The year before The Pierre opened in 1930, this headline appeared in The New York Times:
Pierre Hotel to rise on Gerry Home site, $15-million building of 41 stories to replace mansion at Fifth Avenue and 61st Street. Building to have club atmosphere.
Seventy-seven years later, The Pierre is one of New York City’s grand dames. And walking through its revolving doors, it still has that club atmosphere. When was the last time you went up to your room accompanied by a uniformed elevator operator?
That’s The Pierre!
The Pierre has undergone numerous face lifts over the years. In 1959, it became a cooperative, with permanent residents assuming ownership and whose apartments are scattered throughout the 200-room hotel. It was a Four Seasons Hotels and Resorts property from 1981-2005, when Taj Hotels Resorts and Palaces assumed management of The Pierre.
The most impressive rooms are the 11 Grand Suites, including The Presidential Suite and The Park Suite, which boast unobstructed views of Central Park. The Charles Pierre Suite (named after original owner Charles Pierre Casalasco) has a 900-square-foot terrace, perfect for outdoor entertaining. Since the Grand Suites were formerly private residences, they features original paintings and sculptures, silk tapestries and polished marble tile floors. All suites have large living rooms, pantries and private bars.
The Pierre offers such services as in-suite shopping provided by Barneys New York and a theater desk in the lobby. The multilingual staff speaks 35 languages and offer such 24-hours services as concierge service, room service, valet parking, laundering service and business service. Moulton Brown amenities may be found in the bathrooms and Marcolini chocolates are the hotel’s sweets of choice. And don’t be surprised when the doorman greets you by your name.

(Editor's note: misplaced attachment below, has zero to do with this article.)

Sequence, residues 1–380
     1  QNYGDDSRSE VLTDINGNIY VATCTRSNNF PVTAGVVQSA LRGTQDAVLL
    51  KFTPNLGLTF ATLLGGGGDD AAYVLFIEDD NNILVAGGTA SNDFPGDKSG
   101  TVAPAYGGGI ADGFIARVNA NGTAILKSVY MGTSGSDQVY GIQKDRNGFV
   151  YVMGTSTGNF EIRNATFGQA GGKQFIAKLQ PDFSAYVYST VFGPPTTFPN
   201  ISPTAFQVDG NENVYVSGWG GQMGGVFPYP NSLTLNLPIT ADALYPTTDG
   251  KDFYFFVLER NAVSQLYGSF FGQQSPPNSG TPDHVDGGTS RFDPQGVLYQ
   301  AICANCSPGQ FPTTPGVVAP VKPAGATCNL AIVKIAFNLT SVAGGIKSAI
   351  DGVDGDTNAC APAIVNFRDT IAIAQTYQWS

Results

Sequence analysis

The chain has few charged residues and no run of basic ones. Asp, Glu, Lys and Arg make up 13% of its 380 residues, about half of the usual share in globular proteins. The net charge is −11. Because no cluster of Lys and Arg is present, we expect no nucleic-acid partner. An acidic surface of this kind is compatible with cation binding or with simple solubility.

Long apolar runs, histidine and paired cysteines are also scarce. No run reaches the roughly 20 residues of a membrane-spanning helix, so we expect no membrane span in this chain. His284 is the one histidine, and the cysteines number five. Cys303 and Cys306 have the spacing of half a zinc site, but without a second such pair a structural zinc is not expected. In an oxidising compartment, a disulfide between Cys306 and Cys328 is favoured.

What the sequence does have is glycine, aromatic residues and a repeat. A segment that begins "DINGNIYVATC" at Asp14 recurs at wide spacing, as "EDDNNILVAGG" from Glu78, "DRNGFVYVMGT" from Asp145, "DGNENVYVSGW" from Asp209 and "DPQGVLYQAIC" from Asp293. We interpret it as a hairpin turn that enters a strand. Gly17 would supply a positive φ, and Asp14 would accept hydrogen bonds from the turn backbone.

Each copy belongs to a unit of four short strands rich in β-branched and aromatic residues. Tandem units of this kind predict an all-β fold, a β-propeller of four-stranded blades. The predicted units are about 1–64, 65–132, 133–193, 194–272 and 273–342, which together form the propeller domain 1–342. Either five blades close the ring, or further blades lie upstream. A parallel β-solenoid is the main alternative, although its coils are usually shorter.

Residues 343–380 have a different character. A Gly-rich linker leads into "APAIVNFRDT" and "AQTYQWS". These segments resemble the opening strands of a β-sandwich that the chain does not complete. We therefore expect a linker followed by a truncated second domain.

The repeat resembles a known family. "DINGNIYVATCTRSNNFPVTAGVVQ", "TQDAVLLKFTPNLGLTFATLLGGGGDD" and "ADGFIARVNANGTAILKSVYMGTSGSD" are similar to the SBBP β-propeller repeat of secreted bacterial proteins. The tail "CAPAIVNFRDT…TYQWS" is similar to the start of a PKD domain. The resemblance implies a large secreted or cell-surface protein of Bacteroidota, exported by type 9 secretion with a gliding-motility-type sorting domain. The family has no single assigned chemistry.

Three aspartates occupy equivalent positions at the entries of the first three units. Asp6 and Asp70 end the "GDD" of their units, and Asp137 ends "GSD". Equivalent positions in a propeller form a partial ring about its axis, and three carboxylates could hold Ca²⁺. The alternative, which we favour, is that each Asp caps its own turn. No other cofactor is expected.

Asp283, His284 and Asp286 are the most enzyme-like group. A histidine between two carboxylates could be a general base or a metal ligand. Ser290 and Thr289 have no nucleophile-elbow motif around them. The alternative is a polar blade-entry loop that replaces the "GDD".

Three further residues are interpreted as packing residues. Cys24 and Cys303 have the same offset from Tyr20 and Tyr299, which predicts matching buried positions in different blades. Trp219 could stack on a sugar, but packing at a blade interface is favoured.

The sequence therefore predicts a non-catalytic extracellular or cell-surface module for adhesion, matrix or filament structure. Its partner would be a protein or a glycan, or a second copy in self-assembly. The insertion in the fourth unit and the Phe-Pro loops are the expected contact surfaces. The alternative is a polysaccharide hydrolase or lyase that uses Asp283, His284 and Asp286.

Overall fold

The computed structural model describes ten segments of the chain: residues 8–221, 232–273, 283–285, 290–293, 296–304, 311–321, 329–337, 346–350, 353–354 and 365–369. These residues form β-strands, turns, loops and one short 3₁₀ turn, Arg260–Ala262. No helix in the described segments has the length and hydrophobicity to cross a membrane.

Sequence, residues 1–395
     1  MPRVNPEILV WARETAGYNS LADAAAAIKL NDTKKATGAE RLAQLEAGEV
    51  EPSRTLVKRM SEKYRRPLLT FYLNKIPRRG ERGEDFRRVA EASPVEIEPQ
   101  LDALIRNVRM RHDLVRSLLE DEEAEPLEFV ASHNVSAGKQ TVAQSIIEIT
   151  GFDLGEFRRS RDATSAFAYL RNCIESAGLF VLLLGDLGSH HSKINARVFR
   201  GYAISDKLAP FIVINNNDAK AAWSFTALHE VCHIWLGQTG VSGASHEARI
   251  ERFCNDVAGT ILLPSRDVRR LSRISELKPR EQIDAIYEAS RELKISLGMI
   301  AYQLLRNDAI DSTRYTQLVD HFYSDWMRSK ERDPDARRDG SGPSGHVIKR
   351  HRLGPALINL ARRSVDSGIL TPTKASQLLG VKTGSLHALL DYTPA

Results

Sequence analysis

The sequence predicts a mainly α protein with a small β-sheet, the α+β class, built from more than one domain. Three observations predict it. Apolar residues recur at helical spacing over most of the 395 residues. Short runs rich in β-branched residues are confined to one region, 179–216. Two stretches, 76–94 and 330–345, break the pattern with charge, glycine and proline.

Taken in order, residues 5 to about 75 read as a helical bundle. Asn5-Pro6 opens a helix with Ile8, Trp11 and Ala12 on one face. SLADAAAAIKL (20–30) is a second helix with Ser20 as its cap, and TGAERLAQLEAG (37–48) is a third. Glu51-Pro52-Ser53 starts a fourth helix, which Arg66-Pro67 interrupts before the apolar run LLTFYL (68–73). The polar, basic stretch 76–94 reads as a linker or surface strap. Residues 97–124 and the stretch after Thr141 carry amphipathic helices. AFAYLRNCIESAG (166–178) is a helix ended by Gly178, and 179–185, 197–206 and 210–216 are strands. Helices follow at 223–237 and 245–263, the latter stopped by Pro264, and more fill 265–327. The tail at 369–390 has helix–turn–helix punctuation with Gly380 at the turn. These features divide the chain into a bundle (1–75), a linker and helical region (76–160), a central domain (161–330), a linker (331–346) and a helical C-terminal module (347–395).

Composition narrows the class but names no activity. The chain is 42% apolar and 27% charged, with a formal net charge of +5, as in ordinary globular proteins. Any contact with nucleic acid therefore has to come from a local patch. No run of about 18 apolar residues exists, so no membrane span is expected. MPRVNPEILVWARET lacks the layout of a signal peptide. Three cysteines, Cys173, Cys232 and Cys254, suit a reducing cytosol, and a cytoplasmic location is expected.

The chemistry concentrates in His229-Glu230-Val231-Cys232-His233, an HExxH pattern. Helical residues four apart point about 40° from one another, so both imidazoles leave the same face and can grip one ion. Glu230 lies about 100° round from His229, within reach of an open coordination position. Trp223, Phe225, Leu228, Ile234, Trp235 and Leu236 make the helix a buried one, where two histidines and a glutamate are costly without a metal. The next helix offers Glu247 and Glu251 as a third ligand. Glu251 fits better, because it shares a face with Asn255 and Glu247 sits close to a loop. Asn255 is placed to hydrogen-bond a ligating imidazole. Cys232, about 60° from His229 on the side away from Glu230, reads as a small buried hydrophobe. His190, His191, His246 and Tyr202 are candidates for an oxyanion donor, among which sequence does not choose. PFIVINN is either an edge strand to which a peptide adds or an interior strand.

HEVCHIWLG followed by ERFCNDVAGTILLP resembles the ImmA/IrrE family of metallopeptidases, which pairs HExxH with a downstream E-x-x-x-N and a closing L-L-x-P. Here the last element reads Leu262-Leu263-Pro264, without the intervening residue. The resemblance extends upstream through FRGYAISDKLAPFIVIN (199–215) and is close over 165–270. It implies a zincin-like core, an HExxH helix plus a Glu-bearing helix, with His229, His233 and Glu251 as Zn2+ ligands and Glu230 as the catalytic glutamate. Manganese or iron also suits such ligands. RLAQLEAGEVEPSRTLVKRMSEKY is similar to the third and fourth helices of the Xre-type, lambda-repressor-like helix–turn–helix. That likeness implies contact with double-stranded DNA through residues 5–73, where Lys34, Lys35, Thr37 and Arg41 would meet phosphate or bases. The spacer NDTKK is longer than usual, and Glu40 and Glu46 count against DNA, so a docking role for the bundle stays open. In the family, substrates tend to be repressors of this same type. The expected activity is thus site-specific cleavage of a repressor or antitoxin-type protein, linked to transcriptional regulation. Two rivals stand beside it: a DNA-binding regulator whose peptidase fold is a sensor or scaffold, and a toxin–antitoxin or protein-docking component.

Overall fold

The Cafe Pierre evokes nostalgia for Old New York. It’s chic and sophisticated and serves contemporary French cuisine in a room bathed in regal decor. In years past, it was a retreat for Jimmy Stewart, Spencer Tracy, Frank Sinatra and Joe Di Maggio. But it’s the Rotunda that is the signature room of The Pierre. Its famous trompe l’oeil murals by American artist Edward Melcarth are the perfect backdrop for breakfast, afternoon tea or cocktails. Look closely and you’ll see such figures as Neptune and Venus along with a woman resembling Jacqueline Kennedy Onassis, accompanied by her young children and a man in a Nehru jacket.
Classic English tea is served every day in the Rotunda, and the Full Tea includes Harney and Son’s teas, assorted tea sandwiches, freshly baked scones with Devonshire cream, homemade preserves and a selection of tea cakes and savorites. They are all presented on delicate three-tier silver trays and fine china.
The Grand Ballroom in the Georgian-style building was one of the shooting locales for Scent of a Woman. Remember that famous tango scene?
I poked my head in and looked for Al Pacino, but to no avail.
I’ll be back.
The Pierre’s rates range from $610 for a Superior Room to $3,800 for the Presidential Suite. Special weekend packages and seasonal rates are available. The Pierre is a member of The Leading Hotels of the World.
All photos of The Pierre and New York City by Sue Frause.